Up in the Old Hotel

Up in the Old Hotel



The Pequod Review:

Joseph Mitchell's Up in the Old Hotel is one of the great books of old New York City, a warm and graceful collection of real life profiles published in The New Yorker between 1938 and 1965. Mitchell describes a number of odd and eccentric New Yorkers: Bowery preachers, tavern owners, drunks, con men, and especially the characters that worked in and around the Fulton Fish Market and the NYC waterfront. Here is Mitchell describing the area:

The Fulton Market smell is a commingling of smells. I tried to take it apart. I could distinguish the reek of the ancient fish and oyster houses, and the exhalations of the harbor. And I could distinguish the smell of tar, a smell that came from an attic on South Street, the net loft of a fishing-boat supply house, where trawler nets that have been dipped in tar vats are hung beside open windows to drain and dry. And I could distinguish the oakwoody smell of smoke from the stack of a loft on Beekman Street in which finnan haddies are cured; the furnace of this loft burns white-oak and hickory shavings and sawdust. And tangled in these smells were still other smells -- the acrid smoke from the stacks of the row of coffee-roasting plants on Front Street, and the pungent smoke from the stack of the Purity Spice Mill on Dover Street, and the smell of rawhides from The Swamp, the tannery district, which adjoins the market on the north.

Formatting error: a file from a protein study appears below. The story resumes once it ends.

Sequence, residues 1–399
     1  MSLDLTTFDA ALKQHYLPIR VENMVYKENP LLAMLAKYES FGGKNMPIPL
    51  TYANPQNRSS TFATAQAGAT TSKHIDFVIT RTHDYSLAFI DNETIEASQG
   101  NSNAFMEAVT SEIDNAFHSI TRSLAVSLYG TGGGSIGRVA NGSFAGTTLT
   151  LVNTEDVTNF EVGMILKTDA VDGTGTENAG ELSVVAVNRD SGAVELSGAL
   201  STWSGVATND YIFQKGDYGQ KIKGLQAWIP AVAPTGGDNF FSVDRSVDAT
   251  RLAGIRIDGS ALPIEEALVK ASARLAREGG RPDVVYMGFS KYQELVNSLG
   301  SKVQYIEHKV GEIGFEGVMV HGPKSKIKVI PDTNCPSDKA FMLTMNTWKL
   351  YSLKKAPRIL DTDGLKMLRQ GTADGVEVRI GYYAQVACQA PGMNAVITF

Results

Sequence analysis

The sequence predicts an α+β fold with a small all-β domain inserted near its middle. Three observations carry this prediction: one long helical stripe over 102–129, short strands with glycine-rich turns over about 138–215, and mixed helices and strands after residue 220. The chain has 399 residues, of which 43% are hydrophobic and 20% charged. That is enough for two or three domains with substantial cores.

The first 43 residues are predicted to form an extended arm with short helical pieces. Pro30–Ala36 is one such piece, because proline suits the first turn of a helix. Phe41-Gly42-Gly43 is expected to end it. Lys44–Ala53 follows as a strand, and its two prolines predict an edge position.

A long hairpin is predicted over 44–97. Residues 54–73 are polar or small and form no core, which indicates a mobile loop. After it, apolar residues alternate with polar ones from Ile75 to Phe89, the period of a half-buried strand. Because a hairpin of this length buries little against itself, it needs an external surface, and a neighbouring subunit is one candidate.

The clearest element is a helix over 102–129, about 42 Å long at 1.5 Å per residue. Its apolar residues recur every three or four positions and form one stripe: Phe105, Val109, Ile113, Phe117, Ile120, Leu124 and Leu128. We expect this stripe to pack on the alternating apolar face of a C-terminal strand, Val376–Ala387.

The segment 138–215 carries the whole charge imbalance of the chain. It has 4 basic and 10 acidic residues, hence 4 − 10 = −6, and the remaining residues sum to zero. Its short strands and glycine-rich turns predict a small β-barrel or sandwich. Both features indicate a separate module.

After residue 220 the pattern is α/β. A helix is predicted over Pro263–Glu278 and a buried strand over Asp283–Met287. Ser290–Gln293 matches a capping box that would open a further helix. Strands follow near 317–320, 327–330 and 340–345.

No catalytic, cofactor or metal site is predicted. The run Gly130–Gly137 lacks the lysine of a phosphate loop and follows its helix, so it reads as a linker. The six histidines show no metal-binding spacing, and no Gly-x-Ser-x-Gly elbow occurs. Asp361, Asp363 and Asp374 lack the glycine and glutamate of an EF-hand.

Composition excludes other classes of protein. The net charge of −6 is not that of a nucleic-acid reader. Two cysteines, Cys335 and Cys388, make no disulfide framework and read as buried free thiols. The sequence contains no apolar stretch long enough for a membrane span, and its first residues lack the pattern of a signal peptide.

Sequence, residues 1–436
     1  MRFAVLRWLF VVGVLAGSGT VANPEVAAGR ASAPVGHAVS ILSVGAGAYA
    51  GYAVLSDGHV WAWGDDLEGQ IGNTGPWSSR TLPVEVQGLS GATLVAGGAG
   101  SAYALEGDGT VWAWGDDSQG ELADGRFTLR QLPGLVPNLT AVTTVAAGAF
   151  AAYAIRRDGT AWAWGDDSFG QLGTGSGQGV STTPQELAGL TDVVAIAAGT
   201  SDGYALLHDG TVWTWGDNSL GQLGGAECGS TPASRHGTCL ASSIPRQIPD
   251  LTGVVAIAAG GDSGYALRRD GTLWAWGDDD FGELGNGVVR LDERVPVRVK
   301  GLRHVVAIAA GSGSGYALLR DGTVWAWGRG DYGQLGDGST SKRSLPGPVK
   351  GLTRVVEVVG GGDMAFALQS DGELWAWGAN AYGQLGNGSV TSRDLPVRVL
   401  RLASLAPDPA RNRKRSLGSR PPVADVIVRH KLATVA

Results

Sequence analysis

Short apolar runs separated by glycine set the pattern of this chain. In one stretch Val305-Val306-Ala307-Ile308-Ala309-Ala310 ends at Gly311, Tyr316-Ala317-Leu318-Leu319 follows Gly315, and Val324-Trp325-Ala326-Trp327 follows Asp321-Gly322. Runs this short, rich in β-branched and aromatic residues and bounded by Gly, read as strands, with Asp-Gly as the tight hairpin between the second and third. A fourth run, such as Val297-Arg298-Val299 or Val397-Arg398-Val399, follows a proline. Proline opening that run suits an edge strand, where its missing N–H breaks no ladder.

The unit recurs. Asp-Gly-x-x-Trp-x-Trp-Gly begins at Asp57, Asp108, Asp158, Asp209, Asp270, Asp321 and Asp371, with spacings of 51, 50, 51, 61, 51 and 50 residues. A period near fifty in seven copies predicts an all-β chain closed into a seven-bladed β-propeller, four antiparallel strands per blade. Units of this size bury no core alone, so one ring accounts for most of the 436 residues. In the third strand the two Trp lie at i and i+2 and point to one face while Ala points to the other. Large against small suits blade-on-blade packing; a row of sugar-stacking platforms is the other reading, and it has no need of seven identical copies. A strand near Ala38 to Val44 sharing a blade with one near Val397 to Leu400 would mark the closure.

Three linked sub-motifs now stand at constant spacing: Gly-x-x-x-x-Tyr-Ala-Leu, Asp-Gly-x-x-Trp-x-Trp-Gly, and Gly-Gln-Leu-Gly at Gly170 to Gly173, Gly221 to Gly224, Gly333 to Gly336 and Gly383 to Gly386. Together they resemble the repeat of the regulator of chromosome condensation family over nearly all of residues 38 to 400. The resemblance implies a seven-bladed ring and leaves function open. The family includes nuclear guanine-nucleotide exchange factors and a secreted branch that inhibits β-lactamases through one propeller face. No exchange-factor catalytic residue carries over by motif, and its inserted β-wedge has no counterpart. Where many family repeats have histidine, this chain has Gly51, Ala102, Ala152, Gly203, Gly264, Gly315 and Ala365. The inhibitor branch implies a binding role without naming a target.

Several other pieces are set in McSorely’s Old Ale House, an East Village bar that catered to the down-and-out: 

It is equipped with electricity, but the bar is stubbornly illuminated with a pair of gas lamps, which flicker fitfully and throw shadows on the low, cobwebby ceiling each time someone opens the street door. There is no cash register. Coins are dropped in soup bowls -- one for nickels, one for dimes, one for quarters, and one for halves -- and bills are kept in a rosewood cashbox… It is a drowsy place; the bartenders never make a needless move, the customers nurse their mugs of ale, and the three clocks on the walls have not been in agreement for many years.

The backbone of the clientele is a rapidly thinning group of crusty old men, predominantly Irish, who have been drinking there since they were youths and now have a proprietary feeling about the place. Some of them have tiny pensions, and are alone in the world; they sleep in Bowery hotels and spend practically all their waking hours in McSorley's.

These profiles are a joy to read, and at their best they touch something deep and essential about life itself.